Consumer content contributes to buying intent and frequency
Website and social media content improve knowledge and engagement
Recently, research has been carried into the consumer content created by the Flower Council of Holland. This research was done by Return on Content - an agency that specialises in content research. The result proves that our content marketing activities have a positive impact on consumers’ long-term buying intent and buying frequency.
Content and research design
The Flower Council of Holland offers inspirational and informative content, such as articles and social media posts to boost consumer engagement with flowers and plants. We do this through our websites and social media channels, jointly called ‘platforms’. To assess how well our content performs, Return on Content performed quantitative and qualitative research in our four core countries: Germany, France, the United Kingdom and the Netherlands. They surveyed 4,460 respondents within our key segments to assess multiple factors that are important for content, such as relevance, differentiation, creditability, and call to action. Next, they compared the results to a benchmark.
General benchmark and our results
To understand how well our content performs, a comparison had to be made with the content of others. It was compared to a general benchmark that is based on the input of over 17,000 respondents (consumers). They assessed content of over 100 cases from more than 10 different sectors. These sectors include health insurers, banks, energy brands, supermarkets, charities and so on. The benchmark has a generic average score of 100. Any scores above this mark are ‘above average’, whilst scores below the 100 mark are considered ‘below average’. Compared to this benchmark, the flower and plant platforms scored considerably high. Flower platforms achieved a score of 161, while plants scored 150.
Indicators of performance
To further understand how well our content performs, Return on Content looked at three so-called Key Performance Indicators (KPIs). These are indicators of progress towards intended results, which were defined by us. KPIs answer questions we ask ourselves regarding the content we create. The first question was whether people find our content informative and if it makes them feel inspired. Those who visit our platforms show on average a 12% increase in knowledge and an 8% increase in inspiration regarding flowers and plants. The survey also shows that 50% of the target audience think more positively about flowers and plants after seeing our content than they did before.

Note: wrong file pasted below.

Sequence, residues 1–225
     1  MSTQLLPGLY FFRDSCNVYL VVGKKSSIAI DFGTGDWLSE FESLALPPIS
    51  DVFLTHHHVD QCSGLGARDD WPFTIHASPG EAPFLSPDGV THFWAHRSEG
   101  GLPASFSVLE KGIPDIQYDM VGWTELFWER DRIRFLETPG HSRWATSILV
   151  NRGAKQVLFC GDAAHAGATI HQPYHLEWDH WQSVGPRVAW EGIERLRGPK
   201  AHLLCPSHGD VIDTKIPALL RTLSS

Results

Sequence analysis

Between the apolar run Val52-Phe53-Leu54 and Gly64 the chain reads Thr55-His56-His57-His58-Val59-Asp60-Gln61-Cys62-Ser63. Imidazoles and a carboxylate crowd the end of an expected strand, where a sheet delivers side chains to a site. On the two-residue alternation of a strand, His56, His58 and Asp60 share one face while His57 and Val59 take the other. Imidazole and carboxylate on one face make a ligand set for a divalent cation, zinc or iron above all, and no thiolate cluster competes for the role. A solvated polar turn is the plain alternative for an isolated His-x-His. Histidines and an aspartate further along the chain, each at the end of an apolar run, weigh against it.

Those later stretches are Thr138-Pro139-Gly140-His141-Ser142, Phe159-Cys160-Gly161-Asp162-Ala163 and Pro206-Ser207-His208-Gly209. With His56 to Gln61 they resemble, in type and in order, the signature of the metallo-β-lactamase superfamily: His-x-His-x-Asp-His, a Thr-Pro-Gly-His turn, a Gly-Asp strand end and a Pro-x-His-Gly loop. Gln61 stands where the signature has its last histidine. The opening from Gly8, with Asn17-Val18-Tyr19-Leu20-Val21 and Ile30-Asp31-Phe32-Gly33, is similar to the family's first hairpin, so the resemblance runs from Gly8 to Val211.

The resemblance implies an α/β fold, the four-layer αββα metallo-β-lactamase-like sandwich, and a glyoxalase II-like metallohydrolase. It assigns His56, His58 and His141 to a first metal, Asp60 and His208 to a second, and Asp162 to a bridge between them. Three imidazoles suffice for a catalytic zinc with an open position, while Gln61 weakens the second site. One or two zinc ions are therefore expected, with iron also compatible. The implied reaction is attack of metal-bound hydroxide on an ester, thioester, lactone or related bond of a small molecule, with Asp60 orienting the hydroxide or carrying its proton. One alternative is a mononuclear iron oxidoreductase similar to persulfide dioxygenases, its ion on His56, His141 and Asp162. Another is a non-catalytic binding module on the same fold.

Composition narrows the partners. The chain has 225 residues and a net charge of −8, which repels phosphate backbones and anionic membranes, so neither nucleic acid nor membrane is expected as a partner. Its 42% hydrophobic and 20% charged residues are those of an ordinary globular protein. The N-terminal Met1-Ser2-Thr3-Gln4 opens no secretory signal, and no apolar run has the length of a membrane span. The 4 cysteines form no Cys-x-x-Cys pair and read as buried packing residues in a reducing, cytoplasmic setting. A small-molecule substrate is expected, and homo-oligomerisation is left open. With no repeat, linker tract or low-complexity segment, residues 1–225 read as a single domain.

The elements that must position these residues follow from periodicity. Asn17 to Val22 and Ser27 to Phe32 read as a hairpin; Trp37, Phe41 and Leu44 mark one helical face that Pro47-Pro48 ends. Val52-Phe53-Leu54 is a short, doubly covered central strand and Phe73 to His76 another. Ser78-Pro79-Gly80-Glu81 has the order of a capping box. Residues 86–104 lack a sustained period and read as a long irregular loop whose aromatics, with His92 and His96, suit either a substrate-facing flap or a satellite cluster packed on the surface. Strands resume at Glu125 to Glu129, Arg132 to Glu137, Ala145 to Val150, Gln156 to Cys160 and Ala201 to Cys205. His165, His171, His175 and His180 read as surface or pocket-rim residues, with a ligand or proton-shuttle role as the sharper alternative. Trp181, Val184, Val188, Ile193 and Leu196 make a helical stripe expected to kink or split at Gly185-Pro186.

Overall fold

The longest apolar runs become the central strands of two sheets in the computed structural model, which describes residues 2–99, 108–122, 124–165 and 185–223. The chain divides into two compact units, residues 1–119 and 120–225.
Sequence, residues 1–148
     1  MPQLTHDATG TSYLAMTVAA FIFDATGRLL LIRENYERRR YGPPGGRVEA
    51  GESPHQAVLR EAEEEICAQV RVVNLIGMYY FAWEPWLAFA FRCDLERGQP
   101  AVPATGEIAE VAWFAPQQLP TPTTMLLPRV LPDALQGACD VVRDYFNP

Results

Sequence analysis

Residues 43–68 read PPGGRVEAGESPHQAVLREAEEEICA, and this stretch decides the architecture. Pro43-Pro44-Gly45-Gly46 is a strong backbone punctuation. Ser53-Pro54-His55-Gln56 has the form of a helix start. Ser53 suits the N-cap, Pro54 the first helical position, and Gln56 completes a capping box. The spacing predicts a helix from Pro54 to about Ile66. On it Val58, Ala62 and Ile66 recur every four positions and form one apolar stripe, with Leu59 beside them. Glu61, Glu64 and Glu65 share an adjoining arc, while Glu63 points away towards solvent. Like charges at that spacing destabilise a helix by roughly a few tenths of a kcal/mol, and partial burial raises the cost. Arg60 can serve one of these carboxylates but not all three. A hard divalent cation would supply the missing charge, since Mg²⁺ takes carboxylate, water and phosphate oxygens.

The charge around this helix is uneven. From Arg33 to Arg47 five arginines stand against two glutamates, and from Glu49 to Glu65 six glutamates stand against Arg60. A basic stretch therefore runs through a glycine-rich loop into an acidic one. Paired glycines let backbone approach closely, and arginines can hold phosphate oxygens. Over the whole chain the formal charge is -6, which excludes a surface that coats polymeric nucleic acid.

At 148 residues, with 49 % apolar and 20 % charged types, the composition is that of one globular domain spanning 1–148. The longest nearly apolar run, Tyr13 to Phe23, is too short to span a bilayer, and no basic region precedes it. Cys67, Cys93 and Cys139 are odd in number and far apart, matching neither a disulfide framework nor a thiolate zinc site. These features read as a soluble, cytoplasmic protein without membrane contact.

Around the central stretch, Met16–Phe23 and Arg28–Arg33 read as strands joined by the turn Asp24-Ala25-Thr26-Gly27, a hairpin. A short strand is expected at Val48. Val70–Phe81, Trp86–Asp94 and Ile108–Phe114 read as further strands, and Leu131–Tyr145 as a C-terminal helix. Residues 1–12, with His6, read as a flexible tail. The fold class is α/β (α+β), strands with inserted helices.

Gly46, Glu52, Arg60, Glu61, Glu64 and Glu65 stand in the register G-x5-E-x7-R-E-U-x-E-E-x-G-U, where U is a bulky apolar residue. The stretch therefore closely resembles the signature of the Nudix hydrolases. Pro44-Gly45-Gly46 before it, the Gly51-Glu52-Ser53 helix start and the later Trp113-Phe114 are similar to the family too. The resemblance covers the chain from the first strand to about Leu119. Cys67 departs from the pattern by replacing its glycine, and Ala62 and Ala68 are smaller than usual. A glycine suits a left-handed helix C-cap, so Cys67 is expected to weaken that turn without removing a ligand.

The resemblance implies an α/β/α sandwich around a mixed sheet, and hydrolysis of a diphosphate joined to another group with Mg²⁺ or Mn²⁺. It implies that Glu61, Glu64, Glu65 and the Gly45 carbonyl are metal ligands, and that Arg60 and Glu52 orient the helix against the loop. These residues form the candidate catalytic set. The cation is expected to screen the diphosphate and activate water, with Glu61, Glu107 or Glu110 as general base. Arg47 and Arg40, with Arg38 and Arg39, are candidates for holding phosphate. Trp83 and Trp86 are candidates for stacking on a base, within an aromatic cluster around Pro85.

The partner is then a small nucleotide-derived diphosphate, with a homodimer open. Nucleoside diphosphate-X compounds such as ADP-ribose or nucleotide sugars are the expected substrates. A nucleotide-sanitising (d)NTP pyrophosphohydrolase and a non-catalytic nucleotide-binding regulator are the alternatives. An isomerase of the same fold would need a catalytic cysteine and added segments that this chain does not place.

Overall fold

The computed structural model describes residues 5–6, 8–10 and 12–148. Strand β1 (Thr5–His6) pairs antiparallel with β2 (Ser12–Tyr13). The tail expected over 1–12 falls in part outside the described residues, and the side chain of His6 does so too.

Buying intent and frequency
The second KPI is an increase in buying intent. This is more of a long-term goal, which grows over time through prolonged exposure to stimulating content. Within five to six months, the buying intent for flowers and plants is about 4% to 10% higher with those exposed to our content than those who aren’t. This also shows in the third and final KPI that was measured: buying frequency. The number of consumers who expect to buy flowers and plants five or more times in the coming six months is higher in the group that is exposed to our content. Here, we see a clear shift in the expected buying frequency from infrequent to frequent within this same time span.
Conclusion and follow-up
The outcome of this research shows that our content contributes significantly to our KPIs. It shows a clear uplift in the level of interest consumers have in flowers and plants, and the degree to which they feel informed about them. By exposing consumers to our content, we see an increase in both buying intent and buying frequency. Moreover, the content matter is also greatly appreciated. Of course, the research also offered learning points, which we will apply to improve the content.
If you’d like to know more about this research and its outcome, please contact Tessa Triesscheijn, Content Marketing Manager, via firstname.lastname@example.org.